There are some new music tracks in the game, all of which are outstanding. Each track is well constructed and really helps you get into the game. My personal favorite is the loop that plays while you are in the Arena District of Westgate.

There's some voice acting, but not a lot. In fact, most scenes don't have any VA at all. Some scenes are a bit awkward in that the first two or three lines will be voiced, and the rest of them will be silent. This is not a glitch, it's how Ossian created MoW, but it can be a bit of an immersion breaker.

The overall quality of the VA is average. A couple lines are devoid of emotion, and a few lines sound like the VA was really getting into it. Most of the VA falls right in the middle. It does the job, but little more.


- In most cases, MoW only gives the player slight direction on where to go/what to do next, and if you're provided a hint, it's fairly vague. There are, literally, only a couple quests where the solution is handed to you. For the most part, you will have to solve riddles, engage in much conversation, explore the city, and remember the whereabouts and backgrounds of characters you met earlier in your adventure - and bits of information they divulged - in order to proceed. It isn't needlessly time consuming or frustrating, but I found it to be very different from the majority of games being released as of late. I enjoyed it for a change of pace, but if it doesn't sound like your sort of thing, you're best off waiting until a walkthrough is provided. Once I got over the initial hump, I actually found this approach more rewarding. I had to discover the solution of most quests with practically no help at all, and it made the conclusion of each quest far more rewarding.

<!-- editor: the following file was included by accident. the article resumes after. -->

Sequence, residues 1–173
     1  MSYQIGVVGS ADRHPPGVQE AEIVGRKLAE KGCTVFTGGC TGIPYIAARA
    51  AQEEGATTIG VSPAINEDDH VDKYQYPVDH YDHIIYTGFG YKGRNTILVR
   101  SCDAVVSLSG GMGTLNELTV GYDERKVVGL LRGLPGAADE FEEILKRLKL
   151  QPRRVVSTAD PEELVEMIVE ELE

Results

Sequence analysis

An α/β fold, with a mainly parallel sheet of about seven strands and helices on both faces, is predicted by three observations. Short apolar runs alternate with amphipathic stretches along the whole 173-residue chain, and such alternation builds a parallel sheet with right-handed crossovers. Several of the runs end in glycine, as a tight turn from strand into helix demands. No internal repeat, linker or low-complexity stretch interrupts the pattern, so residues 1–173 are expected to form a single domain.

- You gain three companions, and only three, throughout the story of MoW. You can get them all within five minutes of starting, if you know where to collect them. They are a rogue, a cleric, and a fallen paladin, who joins your party as a drunken fighter (though this can change) . There's the odd time you get a non-controllable NPC in your party, but these segments are fairly short.